Exactly 18 years ago, on the cover date of this issue, Anita Verschoth arrived in New York City from Germany at what was then called Idlewild Airport. Idlewild has since become John F. Kennedy Airport. What Anita has become is an invaluable SI writer-reporter and an American citizen—on July 5, 1978 she went down to the Federal courthouse in lower Manhattan and took the oath of allegiance.
Verschoth arrived in the U.S. with one suitcase, having resignedly abandoned her portable record player at the Cologne airport when Lufthansa declared it too big to carry on and too fragile to check. But she did have a lead on a job with this American magazine, and while she wasn't sure it would work out, she did hope that, as an unabashed sports nut in three languages—German, French and English—she could make it at SI.
This anniversary note is to report that she has, resoundingly. Verschoth is now one of the heavy hitters on our reporting staff, over the years having developed areas of specialization that take her right around the calendar. In winter, she covers speed skating and skiing—even unto performing an acceptable, if wobbly, wedeln on intermediate slopes—and in summer she switches to track and field. When not busy with those sports, Verschoth dabbles in swimming and gymnastics, with occasional side excursions into bicycle racing and, most recently, Grand Prix show jumping—her coverage of the FEI World Cup begins on page 44. We also lean on her during the Winter and Summer Olympics, to interpret, report, check facts and, since 1972, predict the medal winners.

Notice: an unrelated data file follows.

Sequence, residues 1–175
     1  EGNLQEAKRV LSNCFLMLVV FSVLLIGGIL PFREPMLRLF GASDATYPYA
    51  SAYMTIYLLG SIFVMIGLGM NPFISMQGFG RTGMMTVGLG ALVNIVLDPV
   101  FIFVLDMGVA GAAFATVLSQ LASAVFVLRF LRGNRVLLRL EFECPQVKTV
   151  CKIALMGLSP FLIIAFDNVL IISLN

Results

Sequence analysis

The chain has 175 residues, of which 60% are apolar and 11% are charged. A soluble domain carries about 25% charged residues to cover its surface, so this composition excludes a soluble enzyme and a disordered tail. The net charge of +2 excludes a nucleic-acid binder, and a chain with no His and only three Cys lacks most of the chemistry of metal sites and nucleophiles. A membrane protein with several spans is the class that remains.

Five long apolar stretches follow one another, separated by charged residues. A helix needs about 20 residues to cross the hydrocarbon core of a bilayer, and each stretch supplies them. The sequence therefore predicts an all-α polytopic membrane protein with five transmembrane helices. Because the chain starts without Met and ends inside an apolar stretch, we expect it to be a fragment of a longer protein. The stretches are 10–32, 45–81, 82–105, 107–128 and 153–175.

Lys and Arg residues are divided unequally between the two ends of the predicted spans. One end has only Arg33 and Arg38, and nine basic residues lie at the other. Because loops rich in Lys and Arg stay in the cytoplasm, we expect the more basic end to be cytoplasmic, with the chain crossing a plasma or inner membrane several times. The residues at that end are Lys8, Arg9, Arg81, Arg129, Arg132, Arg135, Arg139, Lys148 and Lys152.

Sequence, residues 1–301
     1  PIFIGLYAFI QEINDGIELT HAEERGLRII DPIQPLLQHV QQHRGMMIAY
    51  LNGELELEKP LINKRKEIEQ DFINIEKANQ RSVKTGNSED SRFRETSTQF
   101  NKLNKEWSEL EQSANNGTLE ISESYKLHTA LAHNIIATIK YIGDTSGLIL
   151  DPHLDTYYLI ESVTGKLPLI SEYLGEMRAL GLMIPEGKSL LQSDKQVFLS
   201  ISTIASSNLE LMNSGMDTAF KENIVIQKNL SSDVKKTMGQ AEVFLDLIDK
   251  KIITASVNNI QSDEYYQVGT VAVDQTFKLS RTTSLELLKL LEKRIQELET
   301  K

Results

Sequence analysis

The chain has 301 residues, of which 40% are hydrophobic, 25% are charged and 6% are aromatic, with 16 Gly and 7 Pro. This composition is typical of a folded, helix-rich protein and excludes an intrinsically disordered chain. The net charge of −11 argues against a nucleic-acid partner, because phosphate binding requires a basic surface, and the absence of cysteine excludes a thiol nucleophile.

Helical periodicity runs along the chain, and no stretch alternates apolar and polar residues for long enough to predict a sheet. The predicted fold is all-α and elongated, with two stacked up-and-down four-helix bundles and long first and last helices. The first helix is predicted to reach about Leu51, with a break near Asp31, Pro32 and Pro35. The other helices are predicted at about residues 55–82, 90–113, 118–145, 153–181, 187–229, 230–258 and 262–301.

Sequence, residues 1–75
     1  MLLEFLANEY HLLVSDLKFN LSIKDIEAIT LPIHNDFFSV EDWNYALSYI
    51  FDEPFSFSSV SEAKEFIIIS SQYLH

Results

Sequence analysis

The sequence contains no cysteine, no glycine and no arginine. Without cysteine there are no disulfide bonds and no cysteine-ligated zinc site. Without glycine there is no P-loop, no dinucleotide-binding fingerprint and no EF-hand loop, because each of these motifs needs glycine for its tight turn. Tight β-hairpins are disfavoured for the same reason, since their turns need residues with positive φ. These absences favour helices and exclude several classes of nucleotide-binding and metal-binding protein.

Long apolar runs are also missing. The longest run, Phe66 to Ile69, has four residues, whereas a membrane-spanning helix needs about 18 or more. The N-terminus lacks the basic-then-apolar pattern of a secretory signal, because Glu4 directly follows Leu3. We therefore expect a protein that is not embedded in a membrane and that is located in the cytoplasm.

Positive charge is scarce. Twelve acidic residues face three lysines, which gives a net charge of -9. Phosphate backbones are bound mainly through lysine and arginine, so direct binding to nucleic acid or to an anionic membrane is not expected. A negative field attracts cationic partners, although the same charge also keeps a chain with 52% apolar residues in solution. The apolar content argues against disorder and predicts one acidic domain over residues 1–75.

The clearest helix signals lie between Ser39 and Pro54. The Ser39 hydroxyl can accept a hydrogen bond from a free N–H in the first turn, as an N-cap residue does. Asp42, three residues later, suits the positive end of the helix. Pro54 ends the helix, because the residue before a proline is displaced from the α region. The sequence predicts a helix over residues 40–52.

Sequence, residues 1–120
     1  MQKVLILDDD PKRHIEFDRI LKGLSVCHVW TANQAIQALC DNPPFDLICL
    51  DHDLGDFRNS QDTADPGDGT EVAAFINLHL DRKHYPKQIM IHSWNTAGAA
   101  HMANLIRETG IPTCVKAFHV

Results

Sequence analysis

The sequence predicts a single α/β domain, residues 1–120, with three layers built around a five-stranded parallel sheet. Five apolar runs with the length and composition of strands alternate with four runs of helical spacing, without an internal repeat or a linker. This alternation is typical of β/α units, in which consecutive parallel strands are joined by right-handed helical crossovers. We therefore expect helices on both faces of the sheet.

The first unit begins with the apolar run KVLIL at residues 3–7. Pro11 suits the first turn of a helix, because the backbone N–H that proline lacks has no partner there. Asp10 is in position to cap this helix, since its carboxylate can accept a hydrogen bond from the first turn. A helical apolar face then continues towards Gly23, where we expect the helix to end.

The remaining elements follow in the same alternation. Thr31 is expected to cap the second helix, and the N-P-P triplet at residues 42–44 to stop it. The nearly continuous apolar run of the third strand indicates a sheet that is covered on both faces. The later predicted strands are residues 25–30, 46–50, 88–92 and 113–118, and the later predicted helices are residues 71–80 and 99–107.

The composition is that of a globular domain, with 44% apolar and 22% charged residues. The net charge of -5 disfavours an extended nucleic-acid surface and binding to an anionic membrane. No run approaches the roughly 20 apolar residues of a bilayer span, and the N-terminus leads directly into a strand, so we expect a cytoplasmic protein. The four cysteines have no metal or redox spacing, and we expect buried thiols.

Another of her skills is her ability to interview the likes of Leonhard Stock, Jean-Claude Killy and Billy Kidd simultaneously, shifting linguistic gears while taking it all down in a complex shorthand full of weird symbols that only she can decipher ("Well, most of the time," she says). It was just such a session with Austria's imperious Annemarie Moser-Pr�ll that produced the remarkable profile on her in our 1980 Winter Olympic preview issue. Moser-Pr�ll lost six of seven downhill races in a row going into the Games, but the interview gave Verschoth the insight to pick her, nevertheless, for the gold medal at Lake Placid.
After 18 years, Verschoth finally seems to have decided that this job at SI is O.K. Not only has she become a citizen, but she also has had furniture built to fit her Manhattan apartment, giving us the secure feeling that she intends to stay. She is currently channeling her spare energies into running and giving up smoking, being up to five miles a day and six weeks, respectively.
She no longer answers the telephone by saying, "Here is Anita," as in the old days. It is not the custom, she discovered, and it is also, in some circles, no longer the name, either. Somewhere along the line "Anita" got Americanized into "Needer," which is who she now is, and what we now do.